Social service organisations which depend heavily on local authority grants face a particular challenge. "Public funding is under pressure and in real terms has declined significantly over the last five years," said Simon Morris. "Local authority income has remained flat with no allowance for inflation – [a cut of] £500,000 in two years. It doesn't look as though it is going to get any better."
On the face of it, Jewish Care has done pretty well in recent years; its voluntary income – from donations and legacies but excluding fees and council grants – rose from nearly £19 million in 2008 to over £33 million last year.
But its bumper year was due to an exceptional windfall gift. Donations which go towards revenue costs have remained static for two years and Mr Morris is concerned about a drop in legacies, to £3.3m this year, compared to nearly £7m the previous year.
Elsewhere, Israel charities appear to be finding the going harder – although their popularity can be affected by the situation in Israel. "All you would need is a third intifada to break out and there would be no problem - but of course we don't want that," said one fundraiser.
The UJIA's charitable income in 2010 was just over £13.5 million – nearly £3 million down from 2007; JNF UK's slid from over £7 million in 2009 to £5 million the following year; Magen David Adom, which had been comfortably raising over £4million annually for several years, dropped to £3 million in 2010.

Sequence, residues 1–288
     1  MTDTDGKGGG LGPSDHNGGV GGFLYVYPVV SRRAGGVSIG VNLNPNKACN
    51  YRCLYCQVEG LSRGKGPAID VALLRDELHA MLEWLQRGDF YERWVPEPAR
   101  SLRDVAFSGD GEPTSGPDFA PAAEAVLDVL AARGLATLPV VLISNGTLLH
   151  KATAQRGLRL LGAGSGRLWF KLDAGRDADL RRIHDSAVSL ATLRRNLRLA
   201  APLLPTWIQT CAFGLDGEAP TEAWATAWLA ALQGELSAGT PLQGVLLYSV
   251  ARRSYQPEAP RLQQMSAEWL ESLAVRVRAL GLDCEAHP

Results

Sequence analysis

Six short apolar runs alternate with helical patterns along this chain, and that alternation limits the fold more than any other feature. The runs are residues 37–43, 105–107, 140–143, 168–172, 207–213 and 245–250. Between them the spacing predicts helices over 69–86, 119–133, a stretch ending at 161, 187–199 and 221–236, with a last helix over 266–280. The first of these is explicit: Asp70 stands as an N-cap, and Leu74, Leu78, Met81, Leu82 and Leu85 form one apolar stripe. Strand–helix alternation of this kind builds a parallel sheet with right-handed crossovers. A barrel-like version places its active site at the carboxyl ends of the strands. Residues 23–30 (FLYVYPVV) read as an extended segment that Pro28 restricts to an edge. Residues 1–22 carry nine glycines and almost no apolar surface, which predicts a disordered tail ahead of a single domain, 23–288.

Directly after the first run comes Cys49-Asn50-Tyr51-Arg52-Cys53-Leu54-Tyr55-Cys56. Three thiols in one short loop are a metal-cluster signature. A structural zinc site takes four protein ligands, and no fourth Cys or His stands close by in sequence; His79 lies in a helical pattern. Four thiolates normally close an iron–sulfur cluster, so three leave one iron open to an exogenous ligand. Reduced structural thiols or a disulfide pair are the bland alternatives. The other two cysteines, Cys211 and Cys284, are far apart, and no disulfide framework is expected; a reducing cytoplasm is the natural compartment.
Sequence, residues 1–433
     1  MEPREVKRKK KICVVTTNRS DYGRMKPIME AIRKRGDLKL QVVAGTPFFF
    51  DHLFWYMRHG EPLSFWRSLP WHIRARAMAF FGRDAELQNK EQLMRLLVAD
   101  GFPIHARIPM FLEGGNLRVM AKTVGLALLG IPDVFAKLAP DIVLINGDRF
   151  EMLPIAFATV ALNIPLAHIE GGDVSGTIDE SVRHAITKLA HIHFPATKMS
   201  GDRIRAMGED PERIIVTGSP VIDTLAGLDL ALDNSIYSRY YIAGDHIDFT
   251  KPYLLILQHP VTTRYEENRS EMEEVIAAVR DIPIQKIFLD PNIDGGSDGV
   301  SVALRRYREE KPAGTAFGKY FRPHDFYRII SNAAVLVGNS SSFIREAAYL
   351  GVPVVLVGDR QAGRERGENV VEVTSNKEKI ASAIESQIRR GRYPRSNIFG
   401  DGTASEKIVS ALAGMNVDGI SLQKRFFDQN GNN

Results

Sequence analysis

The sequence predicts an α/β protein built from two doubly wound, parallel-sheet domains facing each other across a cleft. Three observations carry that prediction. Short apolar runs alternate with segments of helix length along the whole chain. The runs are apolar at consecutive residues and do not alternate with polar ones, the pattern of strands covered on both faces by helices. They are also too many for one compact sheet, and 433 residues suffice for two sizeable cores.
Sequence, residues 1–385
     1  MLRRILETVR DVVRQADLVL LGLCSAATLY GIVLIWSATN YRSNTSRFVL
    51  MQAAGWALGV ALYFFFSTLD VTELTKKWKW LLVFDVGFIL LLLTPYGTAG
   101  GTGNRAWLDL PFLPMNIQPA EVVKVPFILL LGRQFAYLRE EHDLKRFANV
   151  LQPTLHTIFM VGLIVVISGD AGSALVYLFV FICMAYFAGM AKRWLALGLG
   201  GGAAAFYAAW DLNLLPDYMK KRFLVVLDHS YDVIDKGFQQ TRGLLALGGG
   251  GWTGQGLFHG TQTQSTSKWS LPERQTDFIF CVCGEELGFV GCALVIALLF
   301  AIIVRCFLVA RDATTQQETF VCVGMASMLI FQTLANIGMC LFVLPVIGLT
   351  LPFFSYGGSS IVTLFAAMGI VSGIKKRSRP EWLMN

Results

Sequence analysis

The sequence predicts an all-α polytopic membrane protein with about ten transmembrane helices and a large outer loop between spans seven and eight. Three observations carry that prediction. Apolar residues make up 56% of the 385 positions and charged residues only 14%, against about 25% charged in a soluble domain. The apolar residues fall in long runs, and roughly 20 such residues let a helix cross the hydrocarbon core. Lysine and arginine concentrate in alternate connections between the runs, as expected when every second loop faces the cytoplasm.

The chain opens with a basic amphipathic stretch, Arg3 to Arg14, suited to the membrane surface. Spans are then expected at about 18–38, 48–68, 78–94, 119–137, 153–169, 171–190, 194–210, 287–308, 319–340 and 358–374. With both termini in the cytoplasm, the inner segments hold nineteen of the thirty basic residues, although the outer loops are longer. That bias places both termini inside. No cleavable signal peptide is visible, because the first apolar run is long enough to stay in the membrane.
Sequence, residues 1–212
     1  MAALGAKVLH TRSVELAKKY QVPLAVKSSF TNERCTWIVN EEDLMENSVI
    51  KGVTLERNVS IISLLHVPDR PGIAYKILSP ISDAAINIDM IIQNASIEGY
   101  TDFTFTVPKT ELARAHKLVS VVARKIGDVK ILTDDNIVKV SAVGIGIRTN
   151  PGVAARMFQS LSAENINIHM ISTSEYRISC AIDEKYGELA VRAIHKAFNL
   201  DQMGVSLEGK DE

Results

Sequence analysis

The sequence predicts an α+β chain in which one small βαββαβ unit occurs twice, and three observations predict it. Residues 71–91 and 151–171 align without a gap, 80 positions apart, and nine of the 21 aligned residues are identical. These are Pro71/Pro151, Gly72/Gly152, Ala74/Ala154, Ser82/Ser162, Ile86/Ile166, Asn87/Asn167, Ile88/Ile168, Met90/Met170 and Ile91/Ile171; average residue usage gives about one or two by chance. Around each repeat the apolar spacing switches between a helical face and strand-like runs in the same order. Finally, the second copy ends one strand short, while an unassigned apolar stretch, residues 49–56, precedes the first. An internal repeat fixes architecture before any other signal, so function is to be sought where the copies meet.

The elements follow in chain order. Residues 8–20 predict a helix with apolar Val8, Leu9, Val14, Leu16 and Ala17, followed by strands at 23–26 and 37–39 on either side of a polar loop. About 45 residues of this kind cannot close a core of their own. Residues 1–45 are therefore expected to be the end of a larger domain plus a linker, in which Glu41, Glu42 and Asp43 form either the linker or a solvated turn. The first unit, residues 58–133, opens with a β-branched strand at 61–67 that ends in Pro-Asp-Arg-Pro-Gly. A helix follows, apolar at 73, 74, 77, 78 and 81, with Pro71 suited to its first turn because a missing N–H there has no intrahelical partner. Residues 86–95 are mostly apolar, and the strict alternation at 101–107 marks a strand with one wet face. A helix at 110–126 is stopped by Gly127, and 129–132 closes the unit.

Charities are also having to contend with a crowded – some would say overcrowded – marketplace. "There are more charities, more and more campaigns," said Lionel Salama, co-founder of creative agency Hype, which has done marketing and advertising for many Jewish organisations. "It makes the process of fundraising more competitive; causes have to make their case much better."
Although British Jewry may have numerically shrunk, the Charity Commission reported in 2007 that the number of Jewish charities on its books - more than 2,300 - had increased by more than a third over the previous five years. Their collective income, including fees and government grants as well as charitable gifts, amounted then to more than £700 million a year. That breaks down to nine Jewish charities per 100 British Jews - more than 30 times the proportion of charities per head in the general population.